French painter, who was one of the leading cubists.
The son of a prosperous Normandy farmer, Léger arrived in Paris in 1900 having served an apprenticeship to an architect in Caen. In Paris he worked in an architect's office and as a photographic retoucher, while studying art in his spare time. From 1909 he was in close touch with cubist painters but, unlike Picasso and Braque, who broke down objects into rectilinear forms, Léger favoured cylindrical forms. He became the first of the cubists to experiment with abstraction, which resulted in his Contrast of Forms series (1913). In these brightly coloured pictures the contrast is between flat and tubular forms.
On the outbreak of World War I he enlisted in the engineers. Léger shared the enthusiasm of the futurists for mechanization and for modern industrial society and his war experiences strengthened that enthusiasm. They also opened his eyes to life outside his own social class, and the paintings that followed his discharge as a result of gas poisoning often had proletarian subjects, such as The Mechanic (1920). As well as figure compositions he painted still lifes and semi-abstract brightly coloured cityscapes. In 1924 he made an experimental film, Ballet mécanique. The 1930s saw a looser and more curvilinear style of painting with elements of surrealism.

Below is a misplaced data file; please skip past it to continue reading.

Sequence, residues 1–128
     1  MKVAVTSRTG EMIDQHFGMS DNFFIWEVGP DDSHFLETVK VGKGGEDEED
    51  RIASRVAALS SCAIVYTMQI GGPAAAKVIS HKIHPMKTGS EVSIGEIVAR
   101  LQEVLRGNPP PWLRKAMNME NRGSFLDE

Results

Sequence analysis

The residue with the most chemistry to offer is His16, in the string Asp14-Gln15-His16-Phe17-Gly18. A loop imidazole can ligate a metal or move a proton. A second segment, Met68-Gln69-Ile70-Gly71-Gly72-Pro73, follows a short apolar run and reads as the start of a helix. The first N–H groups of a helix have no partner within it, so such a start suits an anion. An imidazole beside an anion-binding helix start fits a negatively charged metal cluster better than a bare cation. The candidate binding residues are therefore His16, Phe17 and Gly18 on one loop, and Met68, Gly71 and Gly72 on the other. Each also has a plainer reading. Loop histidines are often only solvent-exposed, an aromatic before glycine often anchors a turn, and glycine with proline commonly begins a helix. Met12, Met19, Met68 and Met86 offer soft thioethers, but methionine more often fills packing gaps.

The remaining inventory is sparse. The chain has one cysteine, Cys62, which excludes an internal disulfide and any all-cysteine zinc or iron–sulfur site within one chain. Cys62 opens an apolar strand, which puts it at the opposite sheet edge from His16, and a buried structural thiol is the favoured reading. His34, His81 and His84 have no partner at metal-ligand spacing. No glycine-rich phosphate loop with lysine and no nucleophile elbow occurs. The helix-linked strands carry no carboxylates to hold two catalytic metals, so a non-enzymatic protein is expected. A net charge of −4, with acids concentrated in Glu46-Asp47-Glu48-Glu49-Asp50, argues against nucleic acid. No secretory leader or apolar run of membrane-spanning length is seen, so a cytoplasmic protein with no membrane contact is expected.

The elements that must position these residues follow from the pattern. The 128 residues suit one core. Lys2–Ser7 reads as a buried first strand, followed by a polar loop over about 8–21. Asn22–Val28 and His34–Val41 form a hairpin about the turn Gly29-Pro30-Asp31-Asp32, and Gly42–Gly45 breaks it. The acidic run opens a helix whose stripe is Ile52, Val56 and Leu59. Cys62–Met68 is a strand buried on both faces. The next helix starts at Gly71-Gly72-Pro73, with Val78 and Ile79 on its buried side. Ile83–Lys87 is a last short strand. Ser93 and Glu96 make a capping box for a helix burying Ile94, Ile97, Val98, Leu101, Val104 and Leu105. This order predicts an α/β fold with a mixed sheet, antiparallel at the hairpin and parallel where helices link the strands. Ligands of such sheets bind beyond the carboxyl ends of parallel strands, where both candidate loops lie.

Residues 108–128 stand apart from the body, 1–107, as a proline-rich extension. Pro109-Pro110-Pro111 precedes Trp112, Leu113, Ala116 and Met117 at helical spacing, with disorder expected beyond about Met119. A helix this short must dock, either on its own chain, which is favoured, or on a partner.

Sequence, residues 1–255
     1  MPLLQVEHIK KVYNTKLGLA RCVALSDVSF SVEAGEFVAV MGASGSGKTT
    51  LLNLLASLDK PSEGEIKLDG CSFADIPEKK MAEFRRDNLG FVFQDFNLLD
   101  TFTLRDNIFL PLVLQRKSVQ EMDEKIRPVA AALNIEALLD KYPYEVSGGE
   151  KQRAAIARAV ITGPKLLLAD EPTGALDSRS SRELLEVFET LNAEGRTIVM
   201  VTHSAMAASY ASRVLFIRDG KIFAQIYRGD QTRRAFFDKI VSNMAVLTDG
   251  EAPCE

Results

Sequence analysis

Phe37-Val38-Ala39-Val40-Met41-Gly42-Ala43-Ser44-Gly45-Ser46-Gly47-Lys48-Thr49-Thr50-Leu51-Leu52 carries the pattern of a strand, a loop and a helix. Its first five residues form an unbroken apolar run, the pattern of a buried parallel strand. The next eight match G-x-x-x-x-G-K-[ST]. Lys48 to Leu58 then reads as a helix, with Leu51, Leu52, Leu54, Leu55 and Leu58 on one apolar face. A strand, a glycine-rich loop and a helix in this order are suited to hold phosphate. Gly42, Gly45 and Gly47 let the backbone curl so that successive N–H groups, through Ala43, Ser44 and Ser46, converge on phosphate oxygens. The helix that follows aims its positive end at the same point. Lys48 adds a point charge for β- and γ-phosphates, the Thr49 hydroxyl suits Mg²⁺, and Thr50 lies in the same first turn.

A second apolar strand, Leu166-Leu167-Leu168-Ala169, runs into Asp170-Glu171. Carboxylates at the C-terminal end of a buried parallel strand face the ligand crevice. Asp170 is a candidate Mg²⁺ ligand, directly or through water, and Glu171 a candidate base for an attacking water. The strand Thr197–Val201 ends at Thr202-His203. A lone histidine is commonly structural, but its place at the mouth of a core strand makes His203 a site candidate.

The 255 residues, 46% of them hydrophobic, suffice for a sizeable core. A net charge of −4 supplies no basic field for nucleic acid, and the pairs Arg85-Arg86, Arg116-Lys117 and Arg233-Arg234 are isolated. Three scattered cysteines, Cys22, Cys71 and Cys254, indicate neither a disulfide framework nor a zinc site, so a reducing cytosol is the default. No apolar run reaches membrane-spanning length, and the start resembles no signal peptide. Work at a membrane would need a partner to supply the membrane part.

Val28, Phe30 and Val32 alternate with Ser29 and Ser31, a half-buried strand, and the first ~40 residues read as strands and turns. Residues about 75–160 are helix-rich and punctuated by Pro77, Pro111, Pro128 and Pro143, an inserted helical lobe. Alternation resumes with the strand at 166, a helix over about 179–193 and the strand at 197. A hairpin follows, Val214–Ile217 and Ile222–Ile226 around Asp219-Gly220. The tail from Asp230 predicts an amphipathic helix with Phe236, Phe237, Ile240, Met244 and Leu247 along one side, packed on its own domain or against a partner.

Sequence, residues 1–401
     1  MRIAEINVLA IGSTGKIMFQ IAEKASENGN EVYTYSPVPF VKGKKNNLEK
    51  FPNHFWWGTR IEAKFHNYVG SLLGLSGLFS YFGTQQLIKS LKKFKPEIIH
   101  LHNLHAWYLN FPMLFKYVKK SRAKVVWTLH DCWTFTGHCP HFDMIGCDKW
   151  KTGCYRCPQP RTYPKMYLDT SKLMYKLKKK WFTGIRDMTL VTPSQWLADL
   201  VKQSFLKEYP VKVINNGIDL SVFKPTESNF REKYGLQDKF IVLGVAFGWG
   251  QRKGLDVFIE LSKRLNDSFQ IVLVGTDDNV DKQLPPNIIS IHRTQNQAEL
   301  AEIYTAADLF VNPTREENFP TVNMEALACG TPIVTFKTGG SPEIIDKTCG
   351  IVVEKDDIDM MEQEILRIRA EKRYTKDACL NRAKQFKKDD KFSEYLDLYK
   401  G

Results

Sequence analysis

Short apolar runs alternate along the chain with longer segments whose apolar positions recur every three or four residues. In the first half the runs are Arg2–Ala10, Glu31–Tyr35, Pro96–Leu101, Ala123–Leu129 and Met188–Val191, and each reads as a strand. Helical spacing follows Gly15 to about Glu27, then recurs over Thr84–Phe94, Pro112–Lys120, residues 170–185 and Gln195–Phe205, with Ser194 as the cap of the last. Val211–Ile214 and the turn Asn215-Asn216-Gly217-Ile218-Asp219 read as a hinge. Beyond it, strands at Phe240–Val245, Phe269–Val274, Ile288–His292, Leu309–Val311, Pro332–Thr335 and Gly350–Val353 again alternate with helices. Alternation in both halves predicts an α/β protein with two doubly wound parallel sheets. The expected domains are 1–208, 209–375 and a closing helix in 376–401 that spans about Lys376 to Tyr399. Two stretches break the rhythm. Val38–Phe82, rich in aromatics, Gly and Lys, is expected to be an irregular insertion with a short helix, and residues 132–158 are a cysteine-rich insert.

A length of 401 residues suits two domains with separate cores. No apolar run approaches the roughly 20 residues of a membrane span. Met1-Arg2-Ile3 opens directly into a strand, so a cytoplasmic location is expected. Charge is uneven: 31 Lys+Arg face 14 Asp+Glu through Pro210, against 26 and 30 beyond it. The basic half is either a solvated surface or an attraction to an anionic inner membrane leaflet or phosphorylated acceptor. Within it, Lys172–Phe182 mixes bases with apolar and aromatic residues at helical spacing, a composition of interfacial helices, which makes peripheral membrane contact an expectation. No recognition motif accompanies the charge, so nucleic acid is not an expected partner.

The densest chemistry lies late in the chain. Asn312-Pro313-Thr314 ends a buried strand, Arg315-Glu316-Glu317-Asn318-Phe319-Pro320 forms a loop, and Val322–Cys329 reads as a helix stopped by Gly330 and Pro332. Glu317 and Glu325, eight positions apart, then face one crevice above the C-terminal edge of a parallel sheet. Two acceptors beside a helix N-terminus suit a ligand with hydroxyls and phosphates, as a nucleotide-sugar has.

Léger spent World War II in the USA, where he taught at Yale and in California and painted figure compositions, mainly of acrobats and cyclists. On his return to France in 1945, he joined the French Communist Party, and monumental working-class subjects became still more prominent in his painting. This characteristic of Léger's art made him especially suited to public commissions, such as the stained-glass windows for the church at Audincourt (1951).
The final development in Léger's style occurred in the 1950s, when he began to separate colour from outline. In Two Women with Flowers (1954), for example, the robust black outlines define the figures but no longer act as boundaries for the areas of pure flat colour. In 1955, the year of his death, Léger won the Grand Prix at the São Paolo Biennale.